Tell Time Like It’s 1960 With This All-Transistor Digital Clock

When you’ve got time on your hands, doing something the hard way can be therapeutic. Not that the present situation and the abundance of free time that many are experiencing has anything to do with [Leo Fernekes] all-transistor digital clock build, which he started a year ago with his students. But if you’ve got time to burn, this might be a good way to do it.

[Leo] says one of his design goals with this clock was to do it with the technology commercially available in 1960, which means relying completely on discrete components. And he and his students managed to do just that, with the exception of the seven-segment displays, which were built from the LED filaments from some modern light bulbs. Everything else, though, is as old school as it gets, and really underscores all the complexity that gets abstracted away from timekeeping with modern chips. The video below covers each module in detail, from the Schmitt trigger that cleans up the 50-Hz line frequency to the ring counters and diode matrices used to drive the display. We found the analog stair step dividers used to bring the line frequency down to a more usable pulse train particularly interesting. That clever bit of engineering saved 10 transistors over what would be required for traditional flip-flop dividers.

There’s a lot to learn from this design, and the execution is great too – we’re suckers for Manhattan-style builds, of course. Hats off to [Leo] and his lucky students on a great build.

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Logic And EEPROMs Bring VGA To Life, Sans Microcontroller

For whatever reason, the Video Graphics Array standard seems to attract a lot of hardware hacks. Most of them tend to center around tricking a microcontroller into generating the signals needed to send images to a VGA monitor. We love those hacks, but this one takes a different tack – a microcontroller-free VGA display that uses only simple logic chips and EEPROMs.

When we first spied this project, [PH4Nz] had not yet shared his schematics and code, but has since posted everything on GitHub. His original description was enough to whet our appetite, though. He starts with a 27.175-MHz clock and divides that by 4 with a 74HCT163, which has the effect of expanding the 160×240 pixels image stored in one of the EEPROMs to 640×480. Two 8-bit counters keep track of horizontal and vertical positions, while the other EEPROM takes care of generating the Hsync and Vsync signals. It’s all quite hackish, but it works. [PH4Nz] tells us that the whole thing is in support of a larger project: an 8-bit computer made from logic chips. We’re looking forward to seeing that one too.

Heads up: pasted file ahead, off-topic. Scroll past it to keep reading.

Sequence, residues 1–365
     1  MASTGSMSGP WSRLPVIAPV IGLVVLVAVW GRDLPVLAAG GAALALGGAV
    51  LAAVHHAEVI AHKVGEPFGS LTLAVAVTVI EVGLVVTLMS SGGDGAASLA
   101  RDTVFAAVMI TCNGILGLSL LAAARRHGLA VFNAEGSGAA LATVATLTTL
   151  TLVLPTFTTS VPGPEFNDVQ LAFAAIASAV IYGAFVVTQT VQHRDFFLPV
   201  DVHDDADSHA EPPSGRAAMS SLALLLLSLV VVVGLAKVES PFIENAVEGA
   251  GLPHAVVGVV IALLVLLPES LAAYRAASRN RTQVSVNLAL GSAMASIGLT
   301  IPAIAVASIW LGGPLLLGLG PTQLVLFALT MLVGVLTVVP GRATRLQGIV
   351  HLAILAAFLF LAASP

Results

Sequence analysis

This isn’t the first microcontroller-less VGA project we’ve seen, of course. Here’s a similar one also based on EEPROMs, and one with TTL logic chips. And we still love VGA on a microcontroller such as the ESP32; after all, there’s more than one way to hack.

Thanks to [John U] for the tip.

Tricking A Vintage Clock Chip Into Working On 50-Hz Power

Thanks to microcontrollers, RTC modules, and a plethora of cheap and interesting display options, digital clock projects have become pretty easy. Choose to base a clock build around a chip sporting a date code from the late 70s, though, and your build is bound to be more than run-of-the-mill.

This is the boat that [Fran Blanche] finds herself in with one of her ongoing projects. The chip in question is a Mostek MK50250 digital alarm clock chip, and her first hurdle was find a way to run the clock on 50 Hertz with North American 60-Hertz power. The reason for this is a lesson in the compromises engineers sometimes have to make during the design process, and how that sometimes leads to false assumptions. It seems that the Mostek designers assumed that a 24-hour display would only ever be needed in locales where the line frequency is 50 Hz. [Fran], however, wants military time at 60 Hz, so she came up with a circuit to fool the chip. It uses a 4017 decade counter to divide the 60-Hz signal by 10, and uses the 6-Hz output to turn on a transistor that pulls the 60-Hz output low for one pulse. The result is one dropped pulse out of every six, which gives the Mostek the 50-Hz signal it needs. Sure, the pulse chain is asymmetric, but the chip won’t care, and [Fran] gets the clock she wants. Pretty clever.

[Fran] has been teasing this clock build for a while, and we’re keen to see what it looks like. We hope she’ll be using these outsized not-quite-a-light-pipe LED displays or something similar.

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Pure TTL Based Clock

We’ll just say, [Kenneth] really likes clocks. His most recent is a pure 7400 series TTL based one, ie no microcontroller as seen in the past, here, here, and here. The signal starts out as a typical 32,768 crystal divided down to the necessary 1Hz, which is then divided again appropriately to provide hours and minutes.

As far as TTL clocks go, this is nothing too original; until it comes to his creative button interface. By using a not as sexy as it sounds multivibrator, he can produce a clean square wave instead of the figity signals produced from buttons to advance and set the time. Like always, he also provides us with a thorough breakdown of his clock, after the jump. Continue reading “Pure TTL Based Clock”